Presentation is loading. Please wait.

Presentation is loading. Please wait.

SAFETEA-LU: Wildlife and Highways Sandra L. Jacobson Wildlife Biologist USDA Forest Service Pacific Southwest Research Station Redwood Sciences Lab Arcata.

Similar presentations


Presentation on theme: "SAFETEA-LU: Wildlife and Highways Sandra L. Jacobson Wildlife Biologist USDA Forest Service Pacific Southwest Research Station Redwood Sciences Lab Arcata."— Presentation transcript:

1 SAFETEA-LU: Wildlife and Highways Sandra L. Jacobson Wildlife Biologist USDA Forest Service Pacific Southwest Research Station Redwood Sciences Lab Arcata CA Sandra L. Jacobson Wildlife Biologist USDA Forest Service Pacific Southwest Research Station Redwood Sciences Lab Arcata CA

2 Loss of Open Space One of “Four Threats” to National Forest System lands identified by Chief Results in wildlife habitat fragmentation One of “Four Threats” to National Forest System lands identified by Chief Results in wildlife habitat fragmentation Tom Iraci USDA Forest Service

3 Loss of Open Space Integration of wildlife issues in transportation planning helps alleviate impacts

4 Tom Iraci USDA Forest Service 3 million people live within 20 miles of the San Bernardino and Angeles National Forests Open Space Conservation is Tied to Transportation Planning

5 We Can’t Manage Wildlife Only Within Our Administrative Boundaries Dave Romero, USDA Forest Service, Bitterroot National Forest

6 Public land management agency State Department of Transportation Private landowners Hunters and state wildlife agency Public land management agency State Department of Transportation Private landowners Hunters and state wildlife agency Heidi Birkley, Black Hills National Forest Example: Migratory Deer Stakeholders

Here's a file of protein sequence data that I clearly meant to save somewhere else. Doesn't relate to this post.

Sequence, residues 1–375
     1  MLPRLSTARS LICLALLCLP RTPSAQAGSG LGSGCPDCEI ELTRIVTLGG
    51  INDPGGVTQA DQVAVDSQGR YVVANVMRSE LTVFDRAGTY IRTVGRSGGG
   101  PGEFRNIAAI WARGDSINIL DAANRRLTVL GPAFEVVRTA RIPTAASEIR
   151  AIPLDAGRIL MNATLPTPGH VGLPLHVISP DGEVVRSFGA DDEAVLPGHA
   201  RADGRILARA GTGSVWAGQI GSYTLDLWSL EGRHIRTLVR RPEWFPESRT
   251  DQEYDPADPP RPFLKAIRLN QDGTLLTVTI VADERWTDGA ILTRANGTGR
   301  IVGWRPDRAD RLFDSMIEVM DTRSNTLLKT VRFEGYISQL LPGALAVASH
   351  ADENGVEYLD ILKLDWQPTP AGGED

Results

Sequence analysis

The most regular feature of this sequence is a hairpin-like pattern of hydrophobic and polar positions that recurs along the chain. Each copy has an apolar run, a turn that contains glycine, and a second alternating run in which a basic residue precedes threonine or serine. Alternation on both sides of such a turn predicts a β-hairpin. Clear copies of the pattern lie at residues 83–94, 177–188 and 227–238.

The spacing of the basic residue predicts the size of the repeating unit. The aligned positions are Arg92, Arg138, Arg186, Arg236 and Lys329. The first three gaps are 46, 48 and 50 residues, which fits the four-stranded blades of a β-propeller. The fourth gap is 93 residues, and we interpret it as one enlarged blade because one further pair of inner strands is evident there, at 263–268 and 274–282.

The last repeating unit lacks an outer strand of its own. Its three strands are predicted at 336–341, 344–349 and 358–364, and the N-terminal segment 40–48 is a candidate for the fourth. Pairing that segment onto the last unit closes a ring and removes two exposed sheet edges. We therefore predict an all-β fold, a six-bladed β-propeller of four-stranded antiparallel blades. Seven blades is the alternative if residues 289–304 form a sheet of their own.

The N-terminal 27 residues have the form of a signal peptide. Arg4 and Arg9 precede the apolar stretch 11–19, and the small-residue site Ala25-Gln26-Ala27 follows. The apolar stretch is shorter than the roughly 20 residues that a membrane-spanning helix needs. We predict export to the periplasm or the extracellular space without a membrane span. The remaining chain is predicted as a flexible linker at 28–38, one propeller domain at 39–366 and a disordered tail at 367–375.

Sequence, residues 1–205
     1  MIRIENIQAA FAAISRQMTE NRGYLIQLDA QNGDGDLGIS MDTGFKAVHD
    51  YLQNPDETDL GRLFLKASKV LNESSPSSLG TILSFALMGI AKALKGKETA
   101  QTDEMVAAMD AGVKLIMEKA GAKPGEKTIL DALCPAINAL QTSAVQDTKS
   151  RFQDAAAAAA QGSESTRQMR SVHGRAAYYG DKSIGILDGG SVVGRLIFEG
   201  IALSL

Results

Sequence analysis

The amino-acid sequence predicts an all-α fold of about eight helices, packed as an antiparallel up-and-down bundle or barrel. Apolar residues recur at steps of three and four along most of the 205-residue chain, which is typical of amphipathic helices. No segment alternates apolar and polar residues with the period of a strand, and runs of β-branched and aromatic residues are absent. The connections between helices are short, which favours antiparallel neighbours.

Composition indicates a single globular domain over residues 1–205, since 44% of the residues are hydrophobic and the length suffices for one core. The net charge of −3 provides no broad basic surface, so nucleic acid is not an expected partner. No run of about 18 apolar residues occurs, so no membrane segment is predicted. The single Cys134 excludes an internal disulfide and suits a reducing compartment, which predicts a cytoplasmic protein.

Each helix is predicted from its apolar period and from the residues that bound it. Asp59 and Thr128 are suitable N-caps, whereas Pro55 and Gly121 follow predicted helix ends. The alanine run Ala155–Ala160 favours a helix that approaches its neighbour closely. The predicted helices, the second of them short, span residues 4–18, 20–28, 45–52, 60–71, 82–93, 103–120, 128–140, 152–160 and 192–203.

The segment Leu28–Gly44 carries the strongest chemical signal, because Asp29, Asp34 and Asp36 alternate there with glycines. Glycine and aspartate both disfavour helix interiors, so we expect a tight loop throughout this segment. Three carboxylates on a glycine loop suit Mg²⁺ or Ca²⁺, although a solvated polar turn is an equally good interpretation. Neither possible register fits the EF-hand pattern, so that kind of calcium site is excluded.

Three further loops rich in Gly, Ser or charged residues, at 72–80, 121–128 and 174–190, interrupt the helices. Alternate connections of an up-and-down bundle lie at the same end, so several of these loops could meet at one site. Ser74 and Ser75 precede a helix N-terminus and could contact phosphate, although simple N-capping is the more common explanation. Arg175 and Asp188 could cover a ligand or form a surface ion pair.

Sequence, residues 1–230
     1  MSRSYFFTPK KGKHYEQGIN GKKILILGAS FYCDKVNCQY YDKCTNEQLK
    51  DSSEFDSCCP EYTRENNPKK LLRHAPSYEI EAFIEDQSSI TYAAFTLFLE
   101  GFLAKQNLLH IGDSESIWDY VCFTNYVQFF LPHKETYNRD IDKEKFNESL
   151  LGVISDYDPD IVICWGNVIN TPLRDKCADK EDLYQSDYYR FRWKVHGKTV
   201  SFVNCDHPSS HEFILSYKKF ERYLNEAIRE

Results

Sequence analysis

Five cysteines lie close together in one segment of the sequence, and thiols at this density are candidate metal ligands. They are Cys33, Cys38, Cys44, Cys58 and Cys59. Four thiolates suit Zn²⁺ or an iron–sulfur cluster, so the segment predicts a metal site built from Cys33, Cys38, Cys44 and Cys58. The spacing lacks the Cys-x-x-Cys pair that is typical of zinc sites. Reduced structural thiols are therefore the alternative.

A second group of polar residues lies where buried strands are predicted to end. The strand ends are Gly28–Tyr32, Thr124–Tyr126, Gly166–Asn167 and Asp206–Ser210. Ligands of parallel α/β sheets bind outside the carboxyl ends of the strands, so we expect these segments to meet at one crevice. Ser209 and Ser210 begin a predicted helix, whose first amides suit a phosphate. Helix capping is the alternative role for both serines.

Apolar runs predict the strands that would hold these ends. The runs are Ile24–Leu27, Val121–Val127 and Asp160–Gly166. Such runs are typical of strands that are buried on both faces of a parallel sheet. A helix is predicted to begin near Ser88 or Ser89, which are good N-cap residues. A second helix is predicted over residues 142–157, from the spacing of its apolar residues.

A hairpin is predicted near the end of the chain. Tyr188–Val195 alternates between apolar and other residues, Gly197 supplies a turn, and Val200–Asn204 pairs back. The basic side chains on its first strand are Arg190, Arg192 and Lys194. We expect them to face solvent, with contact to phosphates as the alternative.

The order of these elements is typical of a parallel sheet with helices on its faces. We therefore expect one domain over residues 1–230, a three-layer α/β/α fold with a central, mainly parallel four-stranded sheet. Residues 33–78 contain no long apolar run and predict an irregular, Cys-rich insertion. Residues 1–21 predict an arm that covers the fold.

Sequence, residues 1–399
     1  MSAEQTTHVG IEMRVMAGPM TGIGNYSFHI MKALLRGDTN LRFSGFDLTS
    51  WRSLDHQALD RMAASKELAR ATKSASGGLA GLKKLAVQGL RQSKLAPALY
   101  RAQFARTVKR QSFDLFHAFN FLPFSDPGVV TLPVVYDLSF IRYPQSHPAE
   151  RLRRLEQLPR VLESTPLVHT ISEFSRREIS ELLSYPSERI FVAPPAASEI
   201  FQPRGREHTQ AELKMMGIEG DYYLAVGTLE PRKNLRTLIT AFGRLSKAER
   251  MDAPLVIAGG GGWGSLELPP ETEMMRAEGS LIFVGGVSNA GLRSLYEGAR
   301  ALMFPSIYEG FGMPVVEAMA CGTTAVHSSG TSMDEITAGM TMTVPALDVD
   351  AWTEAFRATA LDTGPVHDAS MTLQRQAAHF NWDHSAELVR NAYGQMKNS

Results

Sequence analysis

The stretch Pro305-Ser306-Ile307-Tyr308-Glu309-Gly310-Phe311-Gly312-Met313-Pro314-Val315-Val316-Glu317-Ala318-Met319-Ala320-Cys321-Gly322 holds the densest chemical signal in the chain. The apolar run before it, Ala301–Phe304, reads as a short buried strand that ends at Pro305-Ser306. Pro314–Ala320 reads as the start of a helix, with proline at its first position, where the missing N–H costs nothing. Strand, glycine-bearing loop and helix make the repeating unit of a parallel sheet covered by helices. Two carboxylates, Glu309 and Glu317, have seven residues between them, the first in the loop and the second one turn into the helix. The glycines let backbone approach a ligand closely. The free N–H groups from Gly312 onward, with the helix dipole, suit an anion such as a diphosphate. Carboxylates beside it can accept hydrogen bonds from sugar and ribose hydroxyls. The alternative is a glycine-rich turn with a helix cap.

7 Highways are Permanent Gateways to Public Lands George Wuerthner, USDA Forest Service John Romanowski, USDA Forest Service Mike Delasaux, UC Davis Ag Extension

8 SAFETEA-LU Provides Opportunities to Integrate Natural Resource Management with Transportation Planning

9 DOTs Value Public Lands for Highways Few houses destroyed Usually fewer 4f issues Land relatively unemcumbered In most cases, DOTs do not pay for easements Few houses destroyed Usually fewer 4f issues Land relatively unemcumbered In most cases, DOTs do not pay for easements Stephen Peel

10 Some Highway Impacts to Wildlife Direct Habitat Loss Vehicle-caused Mortality

11 Some Highway Impacts to Wildlife Habitat Fragmentation Pollution Terry Spivey, USDA Forest Service

12 SAFETEA-LU Can Help Mitigate Impacts Better collaboration Funding people Funding research

13 Statewide Connectivity Plans Efficient All stakeholders Identify and prioritize important wildlife linkage areas

14 State Transportation Improvement Plans and SAFETEA-LU State connectivity plans help partner agencies propose and support projects SAFETEA-LU authorizes funding for –agency personnel –research –training in best practices

15 Can We Mitigate Impacts from Highways? Research can help develop tools and processes to minimize impacts Sierraville Highway 89 Stewardship Team, Tahoe National Forest

16 Lessons Learned Diversion fencing combined with wildlife crossing structures are the most effective tool to reduce mortality and maintain habitat connectivity (96-100%) Resources module has more info Underpasses on the Tonto National Forest

17 Safety and Wildlife Collisions The most common rural accident is animal/vehicle collision Employee safety: Most common forward-moving accident in some FS regions Colorado DOT

18 It’s Our Choice—and Opportunity!— to Get Involved Early and Often in Transportation Planning Charles T. Bryson, USDA Agricultural Research Service,


Download ppt "SAFETEA-LU: Wildlife and Highways Sandra L. Jacobson Wildlife Biologist USDA Forest Service Pacific Southwest Research Station Redwood Sciences Lab Arcata."

Similar presentations


Ads by Google